Life can take your breath away. But sometimes, not always in a good way. More Americans than ever before are stressed out —especially the youth among us. Recent studies show that adolescents and young adults are five-to-eight times more likely to report symptoms of anxiety and depression than those who lived during the height of the Great Depression.
From politics, to fast-paced working environments, and and even an addiction to smartphones and screens, we are constantly being tapped-out. Tracking our mindfulness matters now more than ever before.
There are plenty of ways to relieve stress — working out, a long shower, or even a massage. But believe it or not, there’s something you’re doing right now, probably without even knowing it — a built-in stress reliever that’s right under our nose: breathing.
Most of us, at some point in our lives, have been told to “relax, take a deep breath” to help calm ourselves down from a stressful moment of anxiety. It’s true, though — breathing techniques have long been used as an ancient practice and proven way to reduce stress, and is supporting by mounds of research. Practices involving intentional breathing is a powerful tool for relaxation, help with sleep, stress reducer, and overall improvement of mental health. Why not give it a shot?
We all need some space and quite time. But it’s not only on us. More and more, architects and designers are incorporating “room to think” inside of corporate environments and plans.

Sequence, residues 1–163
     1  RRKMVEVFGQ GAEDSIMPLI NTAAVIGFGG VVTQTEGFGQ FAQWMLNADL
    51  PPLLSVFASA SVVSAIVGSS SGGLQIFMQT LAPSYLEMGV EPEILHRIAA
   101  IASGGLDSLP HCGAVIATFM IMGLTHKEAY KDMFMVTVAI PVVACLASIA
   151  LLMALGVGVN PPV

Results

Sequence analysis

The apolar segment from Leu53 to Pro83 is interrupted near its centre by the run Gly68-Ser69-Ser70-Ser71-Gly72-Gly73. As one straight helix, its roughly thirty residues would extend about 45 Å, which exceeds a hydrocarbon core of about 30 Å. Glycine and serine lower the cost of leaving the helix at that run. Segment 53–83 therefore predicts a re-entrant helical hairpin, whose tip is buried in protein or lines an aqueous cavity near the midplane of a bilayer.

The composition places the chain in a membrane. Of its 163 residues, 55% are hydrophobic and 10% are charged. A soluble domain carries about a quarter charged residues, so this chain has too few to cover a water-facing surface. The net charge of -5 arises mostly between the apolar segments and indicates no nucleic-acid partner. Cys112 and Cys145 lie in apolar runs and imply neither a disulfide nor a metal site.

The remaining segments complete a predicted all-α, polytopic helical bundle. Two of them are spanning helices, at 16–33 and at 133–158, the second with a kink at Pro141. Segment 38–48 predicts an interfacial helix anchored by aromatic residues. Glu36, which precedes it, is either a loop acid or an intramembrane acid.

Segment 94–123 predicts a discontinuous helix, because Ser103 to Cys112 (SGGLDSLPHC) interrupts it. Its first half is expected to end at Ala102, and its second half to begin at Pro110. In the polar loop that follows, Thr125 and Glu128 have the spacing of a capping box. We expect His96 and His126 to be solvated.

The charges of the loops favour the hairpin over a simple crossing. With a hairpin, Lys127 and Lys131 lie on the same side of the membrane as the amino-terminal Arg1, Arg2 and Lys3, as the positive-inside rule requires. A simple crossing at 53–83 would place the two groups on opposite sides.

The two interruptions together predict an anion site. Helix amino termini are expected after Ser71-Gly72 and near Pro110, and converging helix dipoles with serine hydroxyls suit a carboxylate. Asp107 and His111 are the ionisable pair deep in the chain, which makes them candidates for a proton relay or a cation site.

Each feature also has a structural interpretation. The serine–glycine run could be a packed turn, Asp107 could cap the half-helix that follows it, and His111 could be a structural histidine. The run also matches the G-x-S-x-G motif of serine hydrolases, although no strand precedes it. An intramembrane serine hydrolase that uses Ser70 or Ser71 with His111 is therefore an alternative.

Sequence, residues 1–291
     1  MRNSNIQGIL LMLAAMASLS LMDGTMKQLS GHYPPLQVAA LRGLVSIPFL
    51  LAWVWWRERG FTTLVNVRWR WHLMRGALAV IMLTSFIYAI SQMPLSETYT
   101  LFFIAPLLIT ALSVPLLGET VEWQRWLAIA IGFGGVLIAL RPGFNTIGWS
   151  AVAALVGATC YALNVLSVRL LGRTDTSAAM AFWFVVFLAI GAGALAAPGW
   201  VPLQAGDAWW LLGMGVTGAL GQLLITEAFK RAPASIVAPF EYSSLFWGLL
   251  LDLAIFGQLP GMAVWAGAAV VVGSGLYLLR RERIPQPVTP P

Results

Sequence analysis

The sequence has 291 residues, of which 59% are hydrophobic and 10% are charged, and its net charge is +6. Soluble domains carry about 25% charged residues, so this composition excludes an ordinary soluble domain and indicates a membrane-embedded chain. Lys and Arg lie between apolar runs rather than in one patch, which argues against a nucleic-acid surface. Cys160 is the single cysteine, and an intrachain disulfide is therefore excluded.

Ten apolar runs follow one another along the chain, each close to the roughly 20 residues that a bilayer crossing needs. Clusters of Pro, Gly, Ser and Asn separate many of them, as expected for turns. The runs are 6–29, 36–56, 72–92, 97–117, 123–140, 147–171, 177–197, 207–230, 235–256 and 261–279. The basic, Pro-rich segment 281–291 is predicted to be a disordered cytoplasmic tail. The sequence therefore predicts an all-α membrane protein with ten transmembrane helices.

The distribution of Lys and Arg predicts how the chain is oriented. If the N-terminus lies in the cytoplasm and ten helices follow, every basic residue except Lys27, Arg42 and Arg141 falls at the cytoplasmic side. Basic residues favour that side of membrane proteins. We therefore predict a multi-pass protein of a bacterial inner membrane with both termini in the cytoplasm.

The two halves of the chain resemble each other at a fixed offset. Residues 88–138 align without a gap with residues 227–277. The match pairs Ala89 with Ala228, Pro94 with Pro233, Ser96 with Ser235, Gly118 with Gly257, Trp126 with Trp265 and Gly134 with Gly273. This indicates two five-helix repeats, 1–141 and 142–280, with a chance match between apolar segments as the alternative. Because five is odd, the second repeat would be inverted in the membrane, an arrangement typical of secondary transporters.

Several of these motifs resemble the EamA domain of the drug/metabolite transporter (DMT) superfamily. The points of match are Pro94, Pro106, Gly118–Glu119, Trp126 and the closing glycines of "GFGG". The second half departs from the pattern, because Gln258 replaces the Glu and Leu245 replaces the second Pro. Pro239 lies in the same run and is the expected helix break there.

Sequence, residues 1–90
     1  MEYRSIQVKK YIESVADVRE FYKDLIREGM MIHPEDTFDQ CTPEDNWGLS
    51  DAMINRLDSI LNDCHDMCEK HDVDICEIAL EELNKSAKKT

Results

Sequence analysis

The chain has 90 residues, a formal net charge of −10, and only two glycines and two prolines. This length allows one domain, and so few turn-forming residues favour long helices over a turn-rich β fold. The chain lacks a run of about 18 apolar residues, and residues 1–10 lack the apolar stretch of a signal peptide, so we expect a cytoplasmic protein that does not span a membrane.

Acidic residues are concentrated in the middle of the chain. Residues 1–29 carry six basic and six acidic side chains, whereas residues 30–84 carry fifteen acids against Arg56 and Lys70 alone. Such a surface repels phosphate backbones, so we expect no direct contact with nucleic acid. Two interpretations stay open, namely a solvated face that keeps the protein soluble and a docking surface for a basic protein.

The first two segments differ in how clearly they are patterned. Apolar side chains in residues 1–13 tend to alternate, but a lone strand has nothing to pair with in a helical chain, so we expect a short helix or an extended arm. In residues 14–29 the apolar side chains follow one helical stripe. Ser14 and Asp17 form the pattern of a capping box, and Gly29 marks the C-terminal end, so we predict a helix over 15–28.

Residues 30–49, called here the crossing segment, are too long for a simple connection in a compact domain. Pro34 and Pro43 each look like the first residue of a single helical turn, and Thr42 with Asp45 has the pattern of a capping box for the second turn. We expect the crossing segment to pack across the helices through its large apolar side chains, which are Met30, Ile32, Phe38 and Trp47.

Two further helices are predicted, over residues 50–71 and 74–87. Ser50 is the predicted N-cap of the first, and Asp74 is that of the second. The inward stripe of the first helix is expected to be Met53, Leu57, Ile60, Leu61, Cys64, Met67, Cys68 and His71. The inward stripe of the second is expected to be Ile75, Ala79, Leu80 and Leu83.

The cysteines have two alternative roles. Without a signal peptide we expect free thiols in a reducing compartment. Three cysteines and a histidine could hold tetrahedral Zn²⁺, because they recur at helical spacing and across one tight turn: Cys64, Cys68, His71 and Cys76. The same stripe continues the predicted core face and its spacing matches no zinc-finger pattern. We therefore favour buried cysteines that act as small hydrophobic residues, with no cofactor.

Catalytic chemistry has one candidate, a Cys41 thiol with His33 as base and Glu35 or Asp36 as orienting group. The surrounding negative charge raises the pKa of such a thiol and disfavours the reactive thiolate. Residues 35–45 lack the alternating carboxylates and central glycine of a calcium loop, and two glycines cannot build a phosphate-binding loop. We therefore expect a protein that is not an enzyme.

A prime example: in a corner of Etsy’s new 200,000 sq ft headquarters in Brooklyn, New York, there is a room meant only for breathing. In 2016, the SaaS software giant, Salesforce, added a meditation room on each floor of its San Francisco offices. It’s time for a change, to take the pressure off of ourselves in our human environments.
Breathing better is the next big thing. And it isn’t just for yoga any more, with top gyms across the US adding classes all about your breathe to their rosters. ‘Most of the time, people use their necks and shoulders, and those absolutely are not breathing muscles,’ a breathing expert says.
These are auxiliary, or secondary, muscles and should only be involved in breathing by providing support for the more core muscles. Using our shoulders instead is what causes our shoulders to rise and fall with our breath, which the expert says they shouldn’t do. Why don’t we optimize and be better prepared for the one thing that we do the most each day?
From Apple Watch’s breathe app, to the spire health activity tracker, there are a number of new and exciting ways to measure and improve your breathing practice overtime. Whatever your journey is, a simple habit of taking more mindful breaths each day could help save your life — or make life a little less breathtaking.
Originally published at medium.com